Do you want a particular PC case? Maybe a different brand of graphics card? A different heatsink and fan for the CPU? A modular PSU? When you build your own PC, you choose everything to be exactly the way you want it, from the hardware options and quality, and down to even the color scheme and choice of lighting. You’ll be able to choose your preferences like Realtek for audio manager, Linux as an OS, ZOTAC for a graphics, etc that you can’t get in pre-made. Some people are OK with the standard hardware you find in pre-builts, and some pre-builts do allow you to make some minor changes. But if you want to customize your computer exactly to your liking, and have access to all hardware options, you just need to build your own.
10. Bragging rights
Building your first PC results in a great sense of accomplishment. Rightfully so – it’s a do-it-yourself weekend project that you’re guaranteed to learn a lot from, and you’ll finish the job knowing that you got the most for your money. If you are looking for a genuine ego boost, and that feeling you get when you join a semi-exclusive cool club that you can brag about (a lot, and loudly), then you should be building your own PC.
This is how it feels to build your own PC.

11. Building a PC is fun

Owning a self-built PC is more fun. Really, it is. The process is full of opening packages, putting things together, and learning what goes where and why and how. You will love your new rig more than you could ever love a store-bought machine, because it takes you beyond mere hardware ownership and bestows hardware familiarity.

12. Better knowledge of PC components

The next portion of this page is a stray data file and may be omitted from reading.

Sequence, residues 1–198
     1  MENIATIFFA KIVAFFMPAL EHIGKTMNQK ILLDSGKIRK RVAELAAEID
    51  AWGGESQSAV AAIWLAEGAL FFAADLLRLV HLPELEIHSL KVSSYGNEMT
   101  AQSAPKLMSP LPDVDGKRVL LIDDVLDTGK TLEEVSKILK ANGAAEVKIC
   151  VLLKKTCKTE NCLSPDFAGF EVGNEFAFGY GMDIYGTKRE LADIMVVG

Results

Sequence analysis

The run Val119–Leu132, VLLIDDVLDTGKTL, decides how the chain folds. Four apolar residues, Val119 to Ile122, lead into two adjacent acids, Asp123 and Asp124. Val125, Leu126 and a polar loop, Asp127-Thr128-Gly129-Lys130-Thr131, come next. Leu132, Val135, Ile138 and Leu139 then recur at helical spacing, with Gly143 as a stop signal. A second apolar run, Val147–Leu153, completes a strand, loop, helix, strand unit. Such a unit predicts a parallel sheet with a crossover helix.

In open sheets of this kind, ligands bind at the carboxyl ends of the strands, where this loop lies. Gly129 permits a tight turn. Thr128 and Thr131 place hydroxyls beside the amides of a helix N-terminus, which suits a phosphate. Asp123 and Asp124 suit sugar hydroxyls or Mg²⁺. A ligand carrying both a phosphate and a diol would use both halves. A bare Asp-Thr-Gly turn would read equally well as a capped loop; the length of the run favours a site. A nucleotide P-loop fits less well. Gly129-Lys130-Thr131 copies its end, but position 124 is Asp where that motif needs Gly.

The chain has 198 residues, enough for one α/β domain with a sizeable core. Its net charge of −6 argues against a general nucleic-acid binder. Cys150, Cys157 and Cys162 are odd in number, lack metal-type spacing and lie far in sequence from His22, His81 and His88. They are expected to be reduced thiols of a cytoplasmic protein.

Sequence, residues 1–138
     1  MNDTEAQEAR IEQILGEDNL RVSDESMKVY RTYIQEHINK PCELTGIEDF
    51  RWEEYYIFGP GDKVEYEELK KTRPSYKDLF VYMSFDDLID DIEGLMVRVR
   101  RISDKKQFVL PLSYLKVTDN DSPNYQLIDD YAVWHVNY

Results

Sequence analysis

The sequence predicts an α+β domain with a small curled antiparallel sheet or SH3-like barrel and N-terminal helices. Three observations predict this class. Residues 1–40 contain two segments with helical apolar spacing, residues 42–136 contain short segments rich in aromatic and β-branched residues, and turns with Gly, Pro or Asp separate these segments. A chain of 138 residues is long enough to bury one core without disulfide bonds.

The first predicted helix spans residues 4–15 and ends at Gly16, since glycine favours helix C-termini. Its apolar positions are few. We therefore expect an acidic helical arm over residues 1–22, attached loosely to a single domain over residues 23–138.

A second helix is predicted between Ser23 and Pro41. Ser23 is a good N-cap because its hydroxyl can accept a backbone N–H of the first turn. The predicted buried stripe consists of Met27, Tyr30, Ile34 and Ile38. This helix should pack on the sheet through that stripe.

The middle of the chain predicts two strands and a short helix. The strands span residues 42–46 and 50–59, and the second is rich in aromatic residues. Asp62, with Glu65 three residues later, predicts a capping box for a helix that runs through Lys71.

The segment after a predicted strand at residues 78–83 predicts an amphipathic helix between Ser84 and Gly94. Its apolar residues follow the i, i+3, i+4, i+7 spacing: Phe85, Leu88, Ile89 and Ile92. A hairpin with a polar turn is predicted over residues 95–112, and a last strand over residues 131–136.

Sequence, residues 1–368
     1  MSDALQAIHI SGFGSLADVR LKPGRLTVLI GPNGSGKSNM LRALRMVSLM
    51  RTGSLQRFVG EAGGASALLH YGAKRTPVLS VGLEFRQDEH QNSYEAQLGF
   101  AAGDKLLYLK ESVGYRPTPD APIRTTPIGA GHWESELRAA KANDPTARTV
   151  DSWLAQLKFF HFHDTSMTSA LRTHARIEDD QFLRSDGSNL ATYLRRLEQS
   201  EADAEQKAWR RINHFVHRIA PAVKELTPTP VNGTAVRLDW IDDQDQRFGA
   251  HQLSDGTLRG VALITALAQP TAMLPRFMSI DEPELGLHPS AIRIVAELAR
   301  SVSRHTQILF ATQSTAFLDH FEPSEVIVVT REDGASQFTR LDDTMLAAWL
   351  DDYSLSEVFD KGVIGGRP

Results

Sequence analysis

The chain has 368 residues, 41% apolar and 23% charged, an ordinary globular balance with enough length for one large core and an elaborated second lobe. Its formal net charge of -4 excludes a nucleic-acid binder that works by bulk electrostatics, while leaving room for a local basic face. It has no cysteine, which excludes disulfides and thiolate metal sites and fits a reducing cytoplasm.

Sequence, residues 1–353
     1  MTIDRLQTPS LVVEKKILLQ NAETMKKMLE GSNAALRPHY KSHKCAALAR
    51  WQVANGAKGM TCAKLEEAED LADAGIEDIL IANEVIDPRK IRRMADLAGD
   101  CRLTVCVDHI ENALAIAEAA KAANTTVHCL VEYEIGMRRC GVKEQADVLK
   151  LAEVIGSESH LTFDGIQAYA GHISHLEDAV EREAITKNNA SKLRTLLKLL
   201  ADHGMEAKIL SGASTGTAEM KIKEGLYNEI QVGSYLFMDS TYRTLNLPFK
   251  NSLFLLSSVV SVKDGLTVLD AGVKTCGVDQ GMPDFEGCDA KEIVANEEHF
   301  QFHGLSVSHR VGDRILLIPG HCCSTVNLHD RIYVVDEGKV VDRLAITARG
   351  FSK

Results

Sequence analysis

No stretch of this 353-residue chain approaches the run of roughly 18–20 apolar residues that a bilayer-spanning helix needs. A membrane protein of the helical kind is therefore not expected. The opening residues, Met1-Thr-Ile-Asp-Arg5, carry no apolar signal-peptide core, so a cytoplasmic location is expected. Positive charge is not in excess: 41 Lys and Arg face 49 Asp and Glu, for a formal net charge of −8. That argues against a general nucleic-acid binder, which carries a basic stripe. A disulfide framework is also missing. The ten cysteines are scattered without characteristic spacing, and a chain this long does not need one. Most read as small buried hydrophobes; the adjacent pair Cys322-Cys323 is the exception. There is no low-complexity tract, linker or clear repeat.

Having an understanding of your PC’s guts makes troubleshooting easier if something fails. Chances are, everything will go smoothly during your build. If something doesn’t, though, you’ll typically be able to pinpoint the problem and the offending hardware. You no longer have to resign yourself to the catch-all tech support complaint of “my computer is broken” – you’ll speak in specifics instead, because there’s a subliminal free education that comes along with every build you perform yourself, whether it’s your first or just your most recent.


There are more resources and knowledge bases for building than ever before. Between sites like Anandtech, Tom’s Hardware and online communities like /r/buildapc and /r/techsupport, you’re never going in blind. There are instructional videos everywhere that explain and guide every part of the process (some sources here); and the videos are produced by all kinds of entities, including hardware companies, retailers, and end-user enthusiasts. You should have no problem finding an answer to any question you might have.
We hope these reasons are enough to convince everyone to build their own PC. If you have a hesitant friend, or if you were wondering about the advantages of building your own PC, or if you have already built your own PC and were looking for a list to inflate the ego even further, hopefully this helps.
(Editor’s final note: In order to keep this post a manageable length, we restricted it to “build-your-own PC vs. pre-built PC.” We do not compare desktops to laptops, as laptops are about mobility. We also do not compare gaming PCs to consoles, because the list of PC benefits would just be too long.)